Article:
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Election Day is fast approaching. Who’s running for seats on Centre County school boards?

Election Day is quickly approaching. Below are candidates running for seats on Centre County school boards. Each board is made up of nine members who serve four-year terms.

Bellefonte

There are five seats open on the Bellefonte Area School District Board of Directors with a total of six individuals running — three incumbents and three opponents. During a recent forum hosted by the League of Women Voters, candidates discussed the proposed elementary building project, transparency, adapting to the changing structure of education and making sure the district is using its funding appropriately.

Incumbent Donna Smith, running as a Democratic/Republican candidate, said students would remain her top priority.

“I will do my best to be a champion for every single one of them and will always put students’ best interest first,” she said, adding that her second priority would be to provide high-quality education at an affordable cost and third would be to listen to community members when making decisions.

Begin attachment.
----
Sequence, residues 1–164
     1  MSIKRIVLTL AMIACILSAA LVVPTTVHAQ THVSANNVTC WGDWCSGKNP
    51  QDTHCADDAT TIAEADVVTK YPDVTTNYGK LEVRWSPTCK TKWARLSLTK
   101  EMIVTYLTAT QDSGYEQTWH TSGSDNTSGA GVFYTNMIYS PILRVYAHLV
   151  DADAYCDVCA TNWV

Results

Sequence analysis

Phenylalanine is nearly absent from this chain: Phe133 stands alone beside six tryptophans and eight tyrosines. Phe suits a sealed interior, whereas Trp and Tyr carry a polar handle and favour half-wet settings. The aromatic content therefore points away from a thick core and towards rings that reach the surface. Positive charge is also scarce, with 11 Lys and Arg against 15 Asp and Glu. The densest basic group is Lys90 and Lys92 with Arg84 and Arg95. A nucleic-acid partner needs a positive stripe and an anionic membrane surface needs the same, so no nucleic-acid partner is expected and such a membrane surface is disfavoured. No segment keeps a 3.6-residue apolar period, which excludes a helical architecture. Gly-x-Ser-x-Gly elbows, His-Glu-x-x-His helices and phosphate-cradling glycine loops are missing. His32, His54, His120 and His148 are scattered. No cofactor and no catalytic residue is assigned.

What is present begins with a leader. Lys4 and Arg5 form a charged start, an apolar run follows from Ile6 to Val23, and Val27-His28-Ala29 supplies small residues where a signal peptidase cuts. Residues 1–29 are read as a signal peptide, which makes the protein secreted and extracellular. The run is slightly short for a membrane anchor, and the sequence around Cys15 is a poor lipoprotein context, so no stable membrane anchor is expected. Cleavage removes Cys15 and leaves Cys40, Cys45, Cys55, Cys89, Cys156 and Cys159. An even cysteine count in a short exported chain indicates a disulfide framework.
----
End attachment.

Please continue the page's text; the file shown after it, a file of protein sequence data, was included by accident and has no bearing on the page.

Incumbent Kimberly Hearn, running as a Democrat, said she has a “passion for education” and said that she would prioritize updating facilities, reduce taxes and create a new literacy program.

“I feel that I can be a positive asset to the school by giving a perspective of an alumni, a parent, a community member and an educator by helping to shape and guide the education for current and future generations of Bellefonte,” she said.

If elected, Mark William Badger’s top three priorities will be to “ensure that we are offering all students in the Bellefonte School District the best we can offer to recruit and — more importantly — retain the best teachers and be fiscally responsible.”